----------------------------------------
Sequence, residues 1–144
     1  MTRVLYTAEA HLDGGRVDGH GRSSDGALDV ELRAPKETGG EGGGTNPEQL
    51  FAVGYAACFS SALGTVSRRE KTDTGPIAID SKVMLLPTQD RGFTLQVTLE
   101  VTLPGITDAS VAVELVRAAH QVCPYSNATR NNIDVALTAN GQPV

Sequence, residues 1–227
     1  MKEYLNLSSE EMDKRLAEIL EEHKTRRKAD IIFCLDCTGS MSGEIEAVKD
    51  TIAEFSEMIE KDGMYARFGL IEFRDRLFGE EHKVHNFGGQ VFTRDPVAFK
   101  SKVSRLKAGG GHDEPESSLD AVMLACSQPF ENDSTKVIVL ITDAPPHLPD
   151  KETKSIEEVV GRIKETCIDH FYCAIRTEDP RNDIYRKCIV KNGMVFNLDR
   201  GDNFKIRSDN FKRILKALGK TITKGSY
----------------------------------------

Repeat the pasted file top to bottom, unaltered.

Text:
Sequence, residues 1–144
     1  MTRVLYTAEA HLDGGRVDGH GRSSDGALDV ELRAPKETGG EGGGTNPEQL
    51  FAVGYAACFS SALGTVSRRE KTDTGPIAID SKVMLLPTQD RGFTLQVTLE
   101  VTLPGITDAS VAVELVRAAH QVCPYSNATR NNIDVALTAN GQPV

Sequence, residues 1–227
     1  MKEYLNLSSE EMDKRLAEIL EEHKTRRKAD IIFCLDCTGS MSGEIEAVKD
    51  TIAEFSEMIE KDGMYARFGL IEFRDRLFGE EHKVHNFGGQ VFTRDPVAFK
   101  SKVSRLKAGG GHDEPESSLD AVMLACSQPF ENDSTKVIVL ITDAPPHLPD
   151  KETKSIEEVV GRIKETCIDH FYCAIRTEDP RNDIYRKCIV KNGMVFNLDR
   201  GDNFKIRSDN FKRILKALGK TITKGSY